Sunday, 8 November 2015

Drawing The Line: Controversial Cartooning

October's Stockport meeting heard a talk by Paul Fitzgerald (aka Polyp), a political cartoonist, who prepared this talk in the wake of
the Charlie Hebdo affair. Paul regularly contributes the journal New Internationalist.

He gave an interesting history of Political cartooning and some reactions. For example David Lowe constantly ridiculed Hitler and was put on Hitler’s death list for his pains. One of the earliest cartoons was circa 200CE and was based on a rumour that Christians worshipped donkeys. 

There is a chequered history of who cartoonists support and they can be at any point on the belief spectrum. Not all cartoonists are on the side of the angels.  For example some of them supported the slave trade and their cartoons showed slaves in bondage having a good time. Paul also showed examples of cartoons against the suffragettes. The Daily Mail is often knocking Gay Marriages.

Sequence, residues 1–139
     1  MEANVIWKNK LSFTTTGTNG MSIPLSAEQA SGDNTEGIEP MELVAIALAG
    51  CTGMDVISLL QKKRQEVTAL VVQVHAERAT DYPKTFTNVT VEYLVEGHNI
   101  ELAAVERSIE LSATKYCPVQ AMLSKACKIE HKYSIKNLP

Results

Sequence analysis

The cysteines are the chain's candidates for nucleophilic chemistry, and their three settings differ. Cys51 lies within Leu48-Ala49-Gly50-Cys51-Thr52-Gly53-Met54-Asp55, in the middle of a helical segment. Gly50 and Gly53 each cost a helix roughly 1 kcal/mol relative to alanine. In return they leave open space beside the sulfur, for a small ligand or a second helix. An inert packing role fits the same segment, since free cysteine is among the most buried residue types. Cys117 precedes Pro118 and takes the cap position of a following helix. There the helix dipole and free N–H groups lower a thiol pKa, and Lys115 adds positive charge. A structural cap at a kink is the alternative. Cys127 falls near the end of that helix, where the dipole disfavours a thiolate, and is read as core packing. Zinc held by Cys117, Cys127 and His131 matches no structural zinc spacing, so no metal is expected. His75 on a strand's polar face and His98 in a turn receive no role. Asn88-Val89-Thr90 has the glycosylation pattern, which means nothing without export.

Evangelical Christians in the United States pick up on the cartoon form but at a very unsophisticated level. Dr Seuss is a mixed bag with both racist and anti-racist cartoons in his lexicon. Tintin cartoons often show the heroic white man coming to the aid of the hapless black man.

During World War two, the propaganda from Germany was some of the darkest ever produced. We still have anti-Semitic cartoons such as one from Qatar about the blockade of Gaza being broken by flotillas. And we still have images of Jews (Zionists) with tentacles everywhere. Holocartoons is an Iranian website critical of Zionism. Gerald Scarfe caused a storm with a cartoon about the wall dividing the Israelis from the Palestinians.

As a counter two Israelis announced the Israeli Anti-Semitic Cartoons Contest where the winner was “Fiddler on the Roof” showing a fiddler on the Brooklyn Bridge during the September 11th 2001 attacks on the World Trade Centre.

Paul went on to talk about the Charlie Hebdo affair and gave a brief history of attitudes to portrayal of The Prophet over the centuries. In the 12th and 13th Centuries there were many pictorial representations of The Prophet but there was slow withdrawal when faces were blacked out. As we know Muslims are now resistant to any pictures of Mohammed.

A lively discussion ensued which, for some people, went on after the meeting was formally closed.

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